Cecilia was born in a wealthy Roman family and was a Christian by birth. Her family gave her in marriage to Valerius, a pagan nobleman. Cecilia promised to remain a virgin and she was successful in persuading Valerius to respect her virginity on their wedding night. Later, Valerius was converted to Catholicism along with his brother, Tiburtius.
These two brothers dedicated themselves to burying the Christian martyrs, which was illegal. They were arrested and sentenced to death for refusing to renounce their religion.
Cecilia continued the work of converting people to the Christian faith and of burying the Christian dead, even though it was against the law. Hundreds were baptised through her witness and strength of faith. She planned to have her home preserved as a church after her death. Her refusal to worship false gods and her burying of the dead lead to her arrest.
Saint Cecilia was brought to trial and sentenced to death. It took several days for her to die and it is said that she converted many people who came to care for her as she was dying. Saint Cecilia died lying on her right side with her hands crossed in prayer. The position of her fingers—three extended on her right hand and one on the left—were her final silent profession of faith in the Holy Trinity, Three Persons in one God. Saint Cecilia was buried in the Catacomb of Saint Callistus.
In the Middle Ages, Saint Cecilia became a very popular saint. There is a story that Saint Cecilia was said to have heard heavenly music inside her heart when she was forced to marry the pagan Valerian. During her wedding, Cecilia sat and sang to God in her heart. Thus, she was declared to be the patron of musicians. Musical compositions, poems, art, and festivals have grown out of this story.
A few examples of the many artistic works about Saint Cecilia:
The first record of a music festival in her honor was held at Évreux in Normandy in 1570.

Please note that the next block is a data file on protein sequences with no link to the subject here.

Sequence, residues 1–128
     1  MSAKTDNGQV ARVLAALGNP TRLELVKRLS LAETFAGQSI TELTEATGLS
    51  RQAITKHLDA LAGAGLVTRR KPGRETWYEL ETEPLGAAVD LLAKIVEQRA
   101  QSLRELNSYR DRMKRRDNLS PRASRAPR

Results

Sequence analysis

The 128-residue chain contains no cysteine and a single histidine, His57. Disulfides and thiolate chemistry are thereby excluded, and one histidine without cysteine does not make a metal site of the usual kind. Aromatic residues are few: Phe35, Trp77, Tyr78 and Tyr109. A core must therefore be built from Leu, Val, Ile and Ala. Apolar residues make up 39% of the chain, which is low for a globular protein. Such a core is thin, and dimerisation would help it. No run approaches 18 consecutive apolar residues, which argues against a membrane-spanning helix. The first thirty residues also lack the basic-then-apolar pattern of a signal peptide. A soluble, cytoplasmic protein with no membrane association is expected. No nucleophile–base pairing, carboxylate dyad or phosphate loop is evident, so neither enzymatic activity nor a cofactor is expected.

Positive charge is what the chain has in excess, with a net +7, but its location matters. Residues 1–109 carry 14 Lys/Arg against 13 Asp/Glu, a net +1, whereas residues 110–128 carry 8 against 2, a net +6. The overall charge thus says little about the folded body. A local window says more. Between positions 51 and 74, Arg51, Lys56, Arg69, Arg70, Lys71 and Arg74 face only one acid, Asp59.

Chaucer commemorates Saint Cecilia in his “Second Nun’s Tale.”
John Dryden’s poem “A Song for Saint Cecilia’s Day” was set to music by Handel in his “Ode for Saint Cecilia’s Day.”
Charles Gounod composed the Saint Cecilia Mass.
Benjamin Britten composed the “Hymn to Saint Cecilia.”
Saint Cecilia reminds us of the ways that our music and art can lead us to praise God.
The Sisters of Saint Cecilia, religious sisters, shear the lambs’ wool used to make the palliums of new metropolitan archbishops. The lambs are raised by the Cistercian Trappist Fathers of the Tre Fontane (Three Fountains) Abbey in Rome. The lambs are blessed by the Pope every year on 21 January, the Feast of the martyr Saint Agnes. The pallia are given by the Pope to the new metropolitan archbishops on the Solemnity of Saints Peter and Paul, 29 June.
St Cecilia’s body was exhumed in the 1599 and is the first instance in the Church of a saint being incorrupt. Her remains are located at the Church of St Cecilia in the Trastevere region of Rome, where a beautiful Statue depicting the position in which her body lay as she died by Stefano Maderno (1600), one of the most famous examples of Baroque sculpture. The pavement in front of the statue encloses a marble slab with Maderno’s sworn statement that he has recorded the body as he saw it when the tomb was opened in 1599. The statue depicts the three axe strokes described in the 5th-century account of her martyrdom. It also is meant to underscore the incorruptibility of her body, which miraculously still had congealed blood after centuries,